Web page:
Skip to main content

Lifeway hits a mark

Last year, in June, I criticized the Southern Baptist Convention's Lifeway Christian Resources over their advertising of a few products.  You can read it all here.  However, in the interest of fairness, I thought I should share a good thing I saw from them this past week.

Last week I went to M-Fuge, part of the student summer activities Lifeway puts together.  It was a well-run camp/mission activity that we'll talk about later.  One of the activities was an adult Bible study while the youth had their own Bible studies, and as we were getting ready for this Bible study time, there was always a short video profiling some aspect of Lifeway's student ministries system.  (Ok, it was a commercial.)

One of these was for the curriculum directly related to young women.  It was a video showing some of the various temptations and issues girls face, and and expressing some of those emotions.  It also shared the viewpoint, repeatedly, of "you can't protect me," addressed to both parents and youth leaders.

And when you reach the end of the video, the statement was essentially that you can't protect, but you can prepare, encourage, guide spiritually.  And then Lifeway expressed that they can help adults know how to handle being there for teenagers.

This is good.  Very good.

Why?  A few reasons:

1.  Lifeway isn't claiming they can solve all of a student's problems with a book or a class. 

2.  I took the primary audience for this advertisement as parents, with church ministries as a secondary target.  Which is good: parents, especially Christian parents, are responsible for helping their children grow in Christ.  The church should help, but one of the dangers we've fallen into is farming out our kids, even to churches.  How do we expect church to be more effective than the home?  If the home is filled with Believers, then church is a supplement, not the whole meal.  Kids whose parents aren't in church is a whole different story.  Still, and this is a whole long thought, the ministry to youth and children is a ministry of the church not a small or solo volunteer or a hired gun.  Any ministry that separates the church into isolated groups is not building the body of Christ.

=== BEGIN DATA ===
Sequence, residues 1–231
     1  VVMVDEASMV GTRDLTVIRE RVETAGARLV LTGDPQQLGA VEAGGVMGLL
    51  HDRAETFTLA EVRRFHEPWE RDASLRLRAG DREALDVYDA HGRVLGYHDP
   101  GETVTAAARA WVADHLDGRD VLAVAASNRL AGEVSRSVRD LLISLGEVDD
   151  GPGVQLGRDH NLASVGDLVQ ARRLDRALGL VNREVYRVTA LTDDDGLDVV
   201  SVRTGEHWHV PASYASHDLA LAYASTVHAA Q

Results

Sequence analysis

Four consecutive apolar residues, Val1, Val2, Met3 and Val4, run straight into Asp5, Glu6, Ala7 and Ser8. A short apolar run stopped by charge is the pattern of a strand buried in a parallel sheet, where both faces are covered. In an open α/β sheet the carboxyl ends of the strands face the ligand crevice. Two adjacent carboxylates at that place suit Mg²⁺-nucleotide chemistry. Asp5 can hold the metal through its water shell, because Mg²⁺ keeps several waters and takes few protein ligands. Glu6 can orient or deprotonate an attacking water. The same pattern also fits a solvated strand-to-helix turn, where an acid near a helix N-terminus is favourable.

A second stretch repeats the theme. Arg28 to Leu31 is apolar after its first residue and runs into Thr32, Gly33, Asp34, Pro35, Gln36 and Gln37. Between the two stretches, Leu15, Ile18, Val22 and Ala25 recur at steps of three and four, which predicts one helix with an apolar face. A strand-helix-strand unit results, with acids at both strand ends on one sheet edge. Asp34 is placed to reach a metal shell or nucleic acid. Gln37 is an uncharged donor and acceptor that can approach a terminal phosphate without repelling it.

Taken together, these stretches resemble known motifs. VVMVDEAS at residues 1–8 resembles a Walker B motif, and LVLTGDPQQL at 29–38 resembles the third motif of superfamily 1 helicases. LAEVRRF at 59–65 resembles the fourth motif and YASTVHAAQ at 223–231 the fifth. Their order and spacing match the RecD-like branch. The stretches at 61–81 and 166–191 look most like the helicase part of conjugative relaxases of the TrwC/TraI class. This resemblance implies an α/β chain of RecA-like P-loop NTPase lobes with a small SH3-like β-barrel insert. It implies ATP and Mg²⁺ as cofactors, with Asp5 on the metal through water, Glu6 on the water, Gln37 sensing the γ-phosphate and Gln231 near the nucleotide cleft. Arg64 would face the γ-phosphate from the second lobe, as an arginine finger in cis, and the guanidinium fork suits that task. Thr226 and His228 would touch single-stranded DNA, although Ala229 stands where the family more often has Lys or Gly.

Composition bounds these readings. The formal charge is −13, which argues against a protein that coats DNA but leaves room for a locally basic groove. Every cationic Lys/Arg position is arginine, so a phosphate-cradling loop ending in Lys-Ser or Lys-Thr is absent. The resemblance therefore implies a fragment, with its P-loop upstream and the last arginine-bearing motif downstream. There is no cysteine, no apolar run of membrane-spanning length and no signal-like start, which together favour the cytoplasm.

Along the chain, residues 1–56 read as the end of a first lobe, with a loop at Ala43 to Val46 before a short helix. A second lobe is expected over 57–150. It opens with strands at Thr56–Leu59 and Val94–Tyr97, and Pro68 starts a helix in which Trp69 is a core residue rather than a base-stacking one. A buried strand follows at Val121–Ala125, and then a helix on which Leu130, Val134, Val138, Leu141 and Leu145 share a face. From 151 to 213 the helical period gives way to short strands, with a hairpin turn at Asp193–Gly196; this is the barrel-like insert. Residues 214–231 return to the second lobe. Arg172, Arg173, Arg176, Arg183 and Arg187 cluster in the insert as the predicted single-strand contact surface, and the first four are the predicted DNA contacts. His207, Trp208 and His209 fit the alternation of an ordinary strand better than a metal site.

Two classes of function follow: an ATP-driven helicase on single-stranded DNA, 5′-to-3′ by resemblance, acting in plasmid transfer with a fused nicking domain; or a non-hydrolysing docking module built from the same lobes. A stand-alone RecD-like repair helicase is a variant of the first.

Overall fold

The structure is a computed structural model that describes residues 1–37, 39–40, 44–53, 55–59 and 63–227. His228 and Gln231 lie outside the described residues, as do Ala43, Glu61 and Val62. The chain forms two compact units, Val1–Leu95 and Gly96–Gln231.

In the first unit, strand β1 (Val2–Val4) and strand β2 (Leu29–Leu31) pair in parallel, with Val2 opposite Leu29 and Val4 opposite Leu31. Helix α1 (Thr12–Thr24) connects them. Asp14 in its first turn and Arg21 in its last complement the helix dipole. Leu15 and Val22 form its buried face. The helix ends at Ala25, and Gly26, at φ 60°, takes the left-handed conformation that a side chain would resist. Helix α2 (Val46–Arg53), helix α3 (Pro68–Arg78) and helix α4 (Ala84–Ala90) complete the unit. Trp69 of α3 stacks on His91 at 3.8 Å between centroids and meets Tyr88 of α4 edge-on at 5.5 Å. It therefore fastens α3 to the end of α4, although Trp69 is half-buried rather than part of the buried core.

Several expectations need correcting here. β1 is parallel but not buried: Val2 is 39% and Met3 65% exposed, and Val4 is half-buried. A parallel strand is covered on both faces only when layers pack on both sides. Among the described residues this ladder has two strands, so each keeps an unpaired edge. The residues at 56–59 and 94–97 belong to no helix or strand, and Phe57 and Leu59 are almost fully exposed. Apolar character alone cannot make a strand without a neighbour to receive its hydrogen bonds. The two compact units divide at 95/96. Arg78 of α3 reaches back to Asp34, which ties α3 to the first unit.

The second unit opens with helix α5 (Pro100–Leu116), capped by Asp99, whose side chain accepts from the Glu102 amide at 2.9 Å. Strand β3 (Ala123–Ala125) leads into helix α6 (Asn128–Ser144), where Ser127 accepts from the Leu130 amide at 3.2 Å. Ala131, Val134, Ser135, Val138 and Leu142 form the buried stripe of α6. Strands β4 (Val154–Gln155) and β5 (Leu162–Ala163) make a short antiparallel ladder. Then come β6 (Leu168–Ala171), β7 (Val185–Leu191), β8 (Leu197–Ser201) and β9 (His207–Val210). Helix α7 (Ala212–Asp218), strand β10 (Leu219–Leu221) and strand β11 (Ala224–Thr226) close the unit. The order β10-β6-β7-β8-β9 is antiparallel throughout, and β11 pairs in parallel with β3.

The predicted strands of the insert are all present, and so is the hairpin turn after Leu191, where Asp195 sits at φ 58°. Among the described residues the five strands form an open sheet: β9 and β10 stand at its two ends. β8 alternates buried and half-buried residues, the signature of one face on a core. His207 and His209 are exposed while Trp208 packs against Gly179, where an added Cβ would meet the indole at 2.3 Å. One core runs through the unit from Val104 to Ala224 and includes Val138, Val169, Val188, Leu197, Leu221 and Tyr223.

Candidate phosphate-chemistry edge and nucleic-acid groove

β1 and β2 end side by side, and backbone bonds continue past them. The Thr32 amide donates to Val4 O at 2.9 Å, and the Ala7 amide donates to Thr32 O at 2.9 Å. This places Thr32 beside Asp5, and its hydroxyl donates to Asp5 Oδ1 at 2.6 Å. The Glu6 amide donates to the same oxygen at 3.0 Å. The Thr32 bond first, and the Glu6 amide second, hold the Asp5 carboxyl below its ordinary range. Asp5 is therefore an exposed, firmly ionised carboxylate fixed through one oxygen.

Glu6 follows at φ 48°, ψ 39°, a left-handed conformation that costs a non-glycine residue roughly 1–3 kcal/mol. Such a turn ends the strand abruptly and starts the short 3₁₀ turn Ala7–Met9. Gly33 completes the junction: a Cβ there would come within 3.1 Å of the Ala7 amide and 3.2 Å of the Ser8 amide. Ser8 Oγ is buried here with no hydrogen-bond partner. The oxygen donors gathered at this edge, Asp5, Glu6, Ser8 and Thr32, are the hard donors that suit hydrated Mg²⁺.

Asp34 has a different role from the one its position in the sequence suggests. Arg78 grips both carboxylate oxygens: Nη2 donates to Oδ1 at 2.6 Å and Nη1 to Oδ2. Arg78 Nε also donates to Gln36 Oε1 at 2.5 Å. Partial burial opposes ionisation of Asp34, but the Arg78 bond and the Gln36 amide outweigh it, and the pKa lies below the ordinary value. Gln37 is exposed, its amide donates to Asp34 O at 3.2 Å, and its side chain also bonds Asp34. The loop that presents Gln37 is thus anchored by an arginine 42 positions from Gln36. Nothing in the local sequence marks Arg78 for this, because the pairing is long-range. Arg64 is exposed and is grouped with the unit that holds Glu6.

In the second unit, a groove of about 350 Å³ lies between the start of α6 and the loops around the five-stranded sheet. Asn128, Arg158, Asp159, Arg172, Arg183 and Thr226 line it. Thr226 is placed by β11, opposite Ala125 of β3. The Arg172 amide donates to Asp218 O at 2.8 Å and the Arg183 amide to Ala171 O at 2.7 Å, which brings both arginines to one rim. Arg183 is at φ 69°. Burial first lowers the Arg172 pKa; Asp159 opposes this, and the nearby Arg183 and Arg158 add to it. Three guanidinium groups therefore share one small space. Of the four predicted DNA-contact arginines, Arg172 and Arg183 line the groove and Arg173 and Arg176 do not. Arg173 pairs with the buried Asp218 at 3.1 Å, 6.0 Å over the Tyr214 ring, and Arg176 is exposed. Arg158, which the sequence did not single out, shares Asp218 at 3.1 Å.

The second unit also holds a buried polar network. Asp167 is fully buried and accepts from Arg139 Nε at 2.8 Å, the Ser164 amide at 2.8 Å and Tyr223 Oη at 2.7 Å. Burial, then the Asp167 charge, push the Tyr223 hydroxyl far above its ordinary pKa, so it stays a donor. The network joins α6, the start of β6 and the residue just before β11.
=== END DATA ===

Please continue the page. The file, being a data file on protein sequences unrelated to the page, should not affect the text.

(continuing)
3.  The point was, to me, clear: no one program is the solution.  Individual relationships are the the key.  This is a good point for all involved in discipling (which should be all Christians).  Relationships are the center: relationship with Christ, with fellow believers, and with those who need to come to Christ.

Anyway, I just wanted to post that bit of positive. Something I've seen in my personality is a tendency to see problems and express that I've seen problems but not to express positives. It's not that the problems aren't there or aren't serious, because they are.  We have a lot of issues that we've borrowed into the church that we don't need.  Yet I want to do a little better about highlighting the positive.

So, just as I pointed out a missed point, here's a hit mark: literature doesn't solve your problems, but it can help you be able to know how to work through your relationships to build disciples.  And that's a good thing.

 

Doug

Comments

Popular posts from this blog

Book Review: The Heart Mender by @andyandrews (Andy Andrews)

The Heart Mender: A Story of Second ChancesEver read a book that you just kind of wish is true?  That's my take on The Heart Mender by Andy Andrews.  It's a charming story of love and forgiveness, and it's woven into the historical setting of World War II America.  For the narrative alone, the book is worth the read, but the message it contains is well worth absorbing as well.However, let's drop back a minute.  This book was originally published under the title Island of Saints.  I read Island of Saints and enjoyed it greatly.  Now, Andrews has released it under a new title, with a few minor changes.  All of this is explained in the Author's Note at the beginning, but should be noted for purchaser's sake.  If you read Island of Saints, you're rereading when you read The Heart Mender.  Now, go ahead and reread it.  It will not hurt you one bit.Overall, the story is well-paced.  There are points where I'd like more detail, both in the history and the geog…

Book: By the Waters of Babylon

Worship. It is what the church does as we strive to honor God with our lips and our lives. And then, many churches argue about worship. I have about a half-dozen books on my shelf about worship, but adding Scott Aniol’s By the Waters of Babylon to the shelf has been excellent.

First of all, Aniol’s work is not based on solving a musical debate. While that branch of worship is often the most troublesome in the local church, By the Waters of Babylon takes a broader view. The starting point is the place of the church. That place is a parallel of Psalm 137, where the people of God, Israel, found themselves in a strange land. The people of God, again, find themselves in a strange land.
Second, in summary, the book works logically to the text of Scripture, primarily Psalm 137 but well-filled with other passages. Then it works outward from how the text addresses the problems submitted in the first chapter into how worship, specifically corporate worship, should look in the 21st century Weste…

Sermon Recap for October 14

Here is what you'll find: there is an audio player with the sermon audios built-in to it, just click to find the one you want. You'll also find the embedded Youtube videos of each sermon.If you'd like, you can subscribe to the audio feed here: https://itunes.apple.com/us/podcast/east-end-baptist-church/id387911457?mt=2 for iTunes users. Other audio feeds go here: http://eebcar.libsyn.com/rssThe video is linked on my personal Youtube Page here: https://www.youtube.com/channel/UCJBGluSoaJgYn6PbIklwKaw?view_as=publicSermons are stockpiled here: http://www.doughibbard.com/search/label/SermonsThanks!